Art and Commerce Collide in Disney’s Outer Space
by Phil Boatwright

Wall•E is one of the best films I’ve seen this year, but it has a controversy attached.  No, it’s not inappropriate language or furtive sexual innuendo.  Nope, the filmmakers have made it family friendly as well as inventive and mesmerizing.  The problem doesn’t lie in our stars or with the production values, but rather in an eco message that seems hypocritical.

Opening with a dark, apocalyptic tableau, we discover a planet of buildings built out of compacted junk.  Mankind has exited Earth, leaving one last busy-beaver robot to clean up their mess.  It doesn’t take long, however, to sense that Wall•E has a tender Tin Man-like heart that yearns for companionship.  When it comes in the form of a determined lady robot, our mechanical hero falls head over treads.  At this point it becomes a romantic film, for it reminds us that one can have the whole world and all its charms, but without someone to share the experience, it’s a lonely existence.  In other words, relationships are more important than materialism.

But it’s an underlying message that seems out of place in a film by companies that add to their coffers via the exploitation of their very own creations.  The film bemoans our overindulgence of big store consumerism (Wall•E – Wal-Mart, hmmm) while at the same time blatantly showcasing one cute toy-like creature after another – the studios knowing full well that each will get its own trademarked replica for parents to buy, kids to enjoy, and the future to dispose of.  The studios responsible for WallE tells us we are bad for cluttering up the planet with unnecessary and un-dissolving excess, while continuing to create more themselves.  “Don’t buy non-biodegradable stuff.  Except ours.”

Hypocritical?  Certainly.  But surprising?  No.  For ever since Snow White and those seven cuddly dwarfs were first imagined, Walt and company have seen the value of creating movies filled with money-making miniatures.  And just as the gas companies won’t seriously address alternative fuel making until every last ounce of oil is drained from the earth, toy companies won’t give up future landfill until the last plastic tree has been chopped down.

In their defense, what are they supposed to do?  Would you turn your back on a fortune?  Why should a studio?  Let’s face it, we’re going to be a product-driven life form until the planet won’t spin due to the extra weight.

On a recent press junket the theme of our eco-predicament was brought up to each of the interviewees.  Now, either studio chieftains gave them the word to downplay that theme, or, and I believe this, the makers actually meant to tell a story of love, not send a directive.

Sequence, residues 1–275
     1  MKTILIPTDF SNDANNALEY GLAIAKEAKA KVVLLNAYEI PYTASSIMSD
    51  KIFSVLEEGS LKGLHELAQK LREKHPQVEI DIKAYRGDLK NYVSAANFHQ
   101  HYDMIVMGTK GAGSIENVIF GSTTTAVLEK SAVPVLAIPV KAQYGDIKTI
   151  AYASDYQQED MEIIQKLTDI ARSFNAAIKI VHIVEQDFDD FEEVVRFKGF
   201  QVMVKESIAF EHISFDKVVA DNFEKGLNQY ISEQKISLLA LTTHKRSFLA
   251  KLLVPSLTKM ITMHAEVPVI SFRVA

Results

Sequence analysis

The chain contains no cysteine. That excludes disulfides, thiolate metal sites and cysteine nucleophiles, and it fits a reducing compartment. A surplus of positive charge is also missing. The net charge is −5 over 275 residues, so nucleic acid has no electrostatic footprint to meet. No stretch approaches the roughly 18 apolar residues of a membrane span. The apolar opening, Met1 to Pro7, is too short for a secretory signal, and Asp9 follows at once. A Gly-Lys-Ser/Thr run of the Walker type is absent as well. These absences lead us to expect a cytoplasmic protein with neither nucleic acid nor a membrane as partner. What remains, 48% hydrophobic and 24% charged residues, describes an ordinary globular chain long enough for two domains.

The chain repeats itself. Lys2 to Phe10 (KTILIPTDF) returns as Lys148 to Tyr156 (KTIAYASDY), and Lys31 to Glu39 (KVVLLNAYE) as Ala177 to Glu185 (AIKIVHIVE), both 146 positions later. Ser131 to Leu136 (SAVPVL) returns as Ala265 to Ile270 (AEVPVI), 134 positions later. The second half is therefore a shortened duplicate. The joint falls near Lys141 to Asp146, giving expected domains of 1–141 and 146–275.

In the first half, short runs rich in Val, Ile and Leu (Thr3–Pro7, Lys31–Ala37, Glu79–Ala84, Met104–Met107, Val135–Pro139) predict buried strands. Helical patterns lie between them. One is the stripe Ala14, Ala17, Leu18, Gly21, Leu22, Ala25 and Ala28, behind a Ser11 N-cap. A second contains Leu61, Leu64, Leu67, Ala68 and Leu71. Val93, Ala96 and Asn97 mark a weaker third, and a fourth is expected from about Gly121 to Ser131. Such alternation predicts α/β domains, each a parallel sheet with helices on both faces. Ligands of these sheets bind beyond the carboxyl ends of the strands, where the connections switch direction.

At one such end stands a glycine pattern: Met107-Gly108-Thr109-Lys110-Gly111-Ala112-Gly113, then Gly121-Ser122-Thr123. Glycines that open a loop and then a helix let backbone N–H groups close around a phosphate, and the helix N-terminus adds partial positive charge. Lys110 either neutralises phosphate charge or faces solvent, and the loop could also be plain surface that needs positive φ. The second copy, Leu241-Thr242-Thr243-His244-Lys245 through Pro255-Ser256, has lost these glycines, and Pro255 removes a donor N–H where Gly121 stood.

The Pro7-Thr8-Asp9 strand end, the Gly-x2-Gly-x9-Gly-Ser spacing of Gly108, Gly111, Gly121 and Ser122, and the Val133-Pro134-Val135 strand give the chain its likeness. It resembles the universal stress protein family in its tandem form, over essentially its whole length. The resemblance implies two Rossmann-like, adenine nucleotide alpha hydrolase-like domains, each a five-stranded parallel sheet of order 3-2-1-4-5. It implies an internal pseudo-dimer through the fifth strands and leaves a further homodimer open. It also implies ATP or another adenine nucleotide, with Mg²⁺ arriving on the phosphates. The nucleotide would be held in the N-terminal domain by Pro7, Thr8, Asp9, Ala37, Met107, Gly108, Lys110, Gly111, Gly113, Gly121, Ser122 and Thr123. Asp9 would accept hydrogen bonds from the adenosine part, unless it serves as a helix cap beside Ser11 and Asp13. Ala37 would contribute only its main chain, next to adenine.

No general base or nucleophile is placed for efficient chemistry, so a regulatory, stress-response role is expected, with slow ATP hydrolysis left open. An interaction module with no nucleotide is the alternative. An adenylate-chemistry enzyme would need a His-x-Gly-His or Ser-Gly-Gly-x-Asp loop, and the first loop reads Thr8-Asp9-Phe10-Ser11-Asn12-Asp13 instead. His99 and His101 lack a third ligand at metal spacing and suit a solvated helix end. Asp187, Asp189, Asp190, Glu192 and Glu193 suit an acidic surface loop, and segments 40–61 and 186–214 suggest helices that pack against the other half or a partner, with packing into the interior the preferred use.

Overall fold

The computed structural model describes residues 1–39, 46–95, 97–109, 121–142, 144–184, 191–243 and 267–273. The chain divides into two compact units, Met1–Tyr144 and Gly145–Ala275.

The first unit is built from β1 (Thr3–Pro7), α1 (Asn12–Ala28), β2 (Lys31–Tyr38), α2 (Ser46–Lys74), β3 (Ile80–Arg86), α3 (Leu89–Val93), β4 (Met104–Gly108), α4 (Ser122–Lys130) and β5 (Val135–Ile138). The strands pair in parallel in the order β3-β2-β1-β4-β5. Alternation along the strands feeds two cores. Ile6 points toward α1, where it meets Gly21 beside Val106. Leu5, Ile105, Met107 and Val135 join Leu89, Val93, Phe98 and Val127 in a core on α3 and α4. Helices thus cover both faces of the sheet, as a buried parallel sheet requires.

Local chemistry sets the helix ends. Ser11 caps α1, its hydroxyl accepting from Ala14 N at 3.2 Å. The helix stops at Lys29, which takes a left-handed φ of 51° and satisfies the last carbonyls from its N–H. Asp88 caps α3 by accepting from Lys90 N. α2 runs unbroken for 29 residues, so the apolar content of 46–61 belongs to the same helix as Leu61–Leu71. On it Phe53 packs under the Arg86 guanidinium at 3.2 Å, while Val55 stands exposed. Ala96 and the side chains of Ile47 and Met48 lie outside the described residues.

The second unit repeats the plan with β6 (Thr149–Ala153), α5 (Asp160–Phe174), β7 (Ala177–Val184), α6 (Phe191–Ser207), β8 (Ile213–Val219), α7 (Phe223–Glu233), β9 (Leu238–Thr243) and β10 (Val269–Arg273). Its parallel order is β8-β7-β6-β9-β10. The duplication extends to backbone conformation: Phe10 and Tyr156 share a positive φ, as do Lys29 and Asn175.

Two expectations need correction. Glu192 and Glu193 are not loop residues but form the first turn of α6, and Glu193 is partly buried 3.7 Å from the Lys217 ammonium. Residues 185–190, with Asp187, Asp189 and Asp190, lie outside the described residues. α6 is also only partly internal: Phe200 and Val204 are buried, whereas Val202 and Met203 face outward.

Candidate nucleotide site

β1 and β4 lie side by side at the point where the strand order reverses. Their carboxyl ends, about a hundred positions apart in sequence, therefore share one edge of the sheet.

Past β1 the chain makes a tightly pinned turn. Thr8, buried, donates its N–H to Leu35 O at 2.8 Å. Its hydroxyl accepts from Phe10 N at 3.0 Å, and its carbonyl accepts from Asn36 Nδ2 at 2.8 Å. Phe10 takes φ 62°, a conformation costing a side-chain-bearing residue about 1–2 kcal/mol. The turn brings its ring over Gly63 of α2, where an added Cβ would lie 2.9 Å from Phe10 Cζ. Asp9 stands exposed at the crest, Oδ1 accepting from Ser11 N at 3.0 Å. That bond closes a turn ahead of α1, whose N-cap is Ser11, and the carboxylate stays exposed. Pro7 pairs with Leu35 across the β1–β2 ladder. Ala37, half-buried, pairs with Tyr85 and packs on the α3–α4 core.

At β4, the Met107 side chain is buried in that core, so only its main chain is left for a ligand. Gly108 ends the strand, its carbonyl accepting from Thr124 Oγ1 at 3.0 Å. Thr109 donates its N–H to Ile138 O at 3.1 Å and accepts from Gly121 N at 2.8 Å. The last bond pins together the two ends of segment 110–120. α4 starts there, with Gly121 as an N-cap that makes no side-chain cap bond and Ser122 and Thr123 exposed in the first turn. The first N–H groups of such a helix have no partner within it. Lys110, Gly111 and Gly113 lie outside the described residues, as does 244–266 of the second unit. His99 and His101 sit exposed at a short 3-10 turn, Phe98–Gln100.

Writer/director Andrew Stanton (Finding Nemo, Toy Story) faced a cynical crowd with the enthusiasm of a high schooler who had just made his first touchdown.  Addressing this question, he responded with, “I don’t have a political bent and I don’t have an ecological message to push.  Everything I wanted to do was based on the love story.

“The theme has to do with irrational love defeating life’s programming.  I felt it was a perfect metaphor for real life.  We all fall into our habits and routines and they are used quite often consciously or unconsciously to avoid living.  To avoid having to do the messy part of having relationships or dealing with a person next to us.  That’s why we can all be in a room on our cell phones and not have to deal with one another.

“I was reminded of those dandelions that push through the sidewalk.  Reality is forcing its way through all this manmade material to exist.  That’s Wall•E.  He’s this manmade object that somehow has more of a desire to live than the rest of the universe.  I felt like he was meeting himself.  It ended up being a great symbol of hope.

“Everything I did was in reverse.  I had to go with trash because I loved what it did to my main character and it’s very clear.  Then I went backwards from that.  I asked myself, why would there be too much trash.  Well, we bought too much stuff.  It was easy to show that without having to explain it with dialogue.  It was fun being satirical.”

So, while we viewed the film’s consumerism smack with a smirk, the main maker explained that it was a love story.  And he wasn’t alone.

Ben Burtt, sound designer and voice of Wall•E, supported his boss’s position.  “It’s a romantic story, almost a Buster Keaton story, with a lonely character left alone on a desert island with an exotic female entering the scene and he falls in love with her and chases her back to the big city.  That was always the driving storyline.  The world that was set up, with the demise of civilization through commercialization and lack of exercise was the setting, the science fiction part of the story.  But the emphases was not put on that.”

And co-star of Curb You Enthusiasm and voice of Wall•E’s Captain, completed the alibi, “the message of the movie to me is love conquers all.  It’s really that simple.  Their love changes the world.  Concerning the conservation aspect, the thing that people love that destroys the world is money.  Everyone digs money.  Money’s great.  But the obsession with money and not worrying how you’re getting it, that’s the problem. Every day you have to ask, how am I contributing?  For some it’s how much money am I making?  That’s how they define themselves.  That to me leads to pollution.  Anyway, that’s my theory.”

The defense rests.  You the jury will decide if there is a cover message and/or if it is valid.

By the way, there’s this really cool Wall•E U-Command robot with infrared remote control I just gotta have…We’re doomed.